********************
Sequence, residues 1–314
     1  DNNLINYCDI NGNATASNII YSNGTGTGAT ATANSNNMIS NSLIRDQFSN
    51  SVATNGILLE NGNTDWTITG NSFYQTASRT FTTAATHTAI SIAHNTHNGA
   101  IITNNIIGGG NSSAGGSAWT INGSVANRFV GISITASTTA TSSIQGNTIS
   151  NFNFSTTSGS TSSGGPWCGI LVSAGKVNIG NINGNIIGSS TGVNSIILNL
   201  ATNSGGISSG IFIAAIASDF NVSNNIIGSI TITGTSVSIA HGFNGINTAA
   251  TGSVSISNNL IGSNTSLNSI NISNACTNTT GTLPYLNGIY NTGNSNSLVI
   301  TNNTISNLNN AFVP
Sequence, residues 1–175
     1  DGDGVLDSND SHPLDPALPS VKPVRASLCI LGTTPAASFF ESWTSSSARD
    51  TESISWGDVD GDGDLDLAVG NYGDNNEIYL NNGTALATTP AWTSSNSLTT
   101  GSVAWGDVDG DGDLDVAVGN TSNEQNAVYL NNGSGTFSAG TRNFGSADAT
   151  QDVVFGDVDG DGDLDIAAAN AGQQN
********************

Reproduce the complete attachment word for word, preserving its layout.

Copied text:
Sequence, residues 1–314
     1  DNNLINYCDI NGNATASNII YSNGTGTGAT ATANSNNMIS NSLIRDQFSN
    51  SVATNGILLE NGNTDWTITG NSFYQTASRT FTTAATHTAI SIAHNTHNGA
   101  IITNNIIGGG NSSAGGSAWT INGSVANRFV GISITASTTA TSSIQGNTIS
   151  NFNFSTTSGS TSSGGPWCGI LVSAGKVNIG NINGNIIGSS TGVNSIILNL
   201  ATNSGGISSG IFIAAIASDF NVSNNIIGSI TITGTSVSIA HGFNGINTAA
   251  TGSVSISNNL IGSNTSLNSI NISNACTNTT GTLPYLNGIY NTGNSNSLVI
   301  TNNTISNLNN AFVP
Sequence, residues 1–175
     1  DGDGVLDSND SHPLDPALPS VKPVRASLCI LGTTPAASFF ESWTSSSARD
    51  TESISWGDVD GDGDLDLAVG NYGDNNEIYL NNGTALATTP AWTSSNSLTT
   101  GSVAWGDVDG DGDLDVAVGN TSNEQNAVYL NNGSGTFSAG TRNFGSADAT
   151  QDVVFGDVDG DGDLDIAAAN AGQQN